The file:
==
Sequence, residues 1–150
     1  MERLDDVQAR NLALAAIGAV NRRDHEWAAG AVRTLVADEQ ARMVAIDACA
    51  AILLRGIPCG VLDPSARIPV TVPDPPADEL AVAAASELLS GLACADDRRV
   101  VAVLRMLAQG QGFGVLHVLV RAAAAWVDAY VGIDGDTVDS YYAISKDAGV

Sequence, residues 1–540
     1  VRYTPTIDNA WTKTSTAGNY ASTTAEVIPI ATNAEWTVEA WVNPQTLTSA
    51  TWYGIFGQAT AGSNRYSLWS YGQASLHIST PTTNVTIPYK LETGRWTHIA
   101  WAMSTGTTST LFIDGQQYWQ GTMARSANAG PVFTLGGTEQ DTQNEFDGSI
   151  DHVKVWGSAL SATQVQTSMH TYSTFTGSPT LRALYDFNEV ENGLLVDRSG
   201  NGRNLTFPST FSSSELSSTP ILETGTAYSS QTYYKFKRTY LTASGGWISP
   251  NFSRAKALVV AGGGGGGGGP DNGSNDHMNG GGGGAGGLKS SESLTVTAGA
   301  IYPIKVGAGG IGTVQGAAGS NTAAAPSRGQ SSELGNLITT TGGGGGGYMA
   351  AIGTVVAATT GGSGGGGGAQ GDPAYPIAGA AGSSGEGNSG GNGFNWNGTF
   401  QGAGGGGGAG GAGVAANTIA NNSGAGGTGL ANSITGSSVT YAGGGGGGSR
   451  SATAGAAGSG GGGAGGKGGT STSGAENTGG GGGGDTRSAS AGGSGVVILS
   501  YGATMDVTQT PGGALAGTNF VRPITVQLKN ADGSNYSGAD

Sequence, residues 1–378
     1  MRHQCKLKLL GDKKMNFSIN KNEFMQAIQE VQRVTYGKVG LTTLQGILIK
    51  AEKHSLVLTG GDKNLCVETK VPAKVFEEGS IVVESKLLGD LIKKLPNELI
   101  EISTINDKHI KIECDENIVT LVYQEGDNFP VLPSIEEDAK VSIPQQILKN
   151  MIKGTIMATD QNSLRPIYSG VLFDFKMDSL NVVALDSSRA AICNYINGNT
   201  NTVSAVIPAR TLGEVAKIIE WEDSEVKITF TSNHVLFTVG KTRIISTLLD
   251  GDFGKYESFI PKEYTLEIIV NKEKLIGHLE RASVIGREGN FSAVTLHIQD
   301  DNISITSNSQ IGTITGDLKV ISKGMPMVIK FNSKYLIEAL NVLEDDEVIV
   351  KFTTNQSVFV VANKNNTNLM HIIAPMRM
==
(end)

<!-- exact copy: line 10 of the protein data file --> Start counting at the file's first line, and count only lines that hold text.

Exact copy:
   201  NGRNLTFPST FSSSELSSTP ILETGTAYSS QTYYKFKRTY LTASGGWISP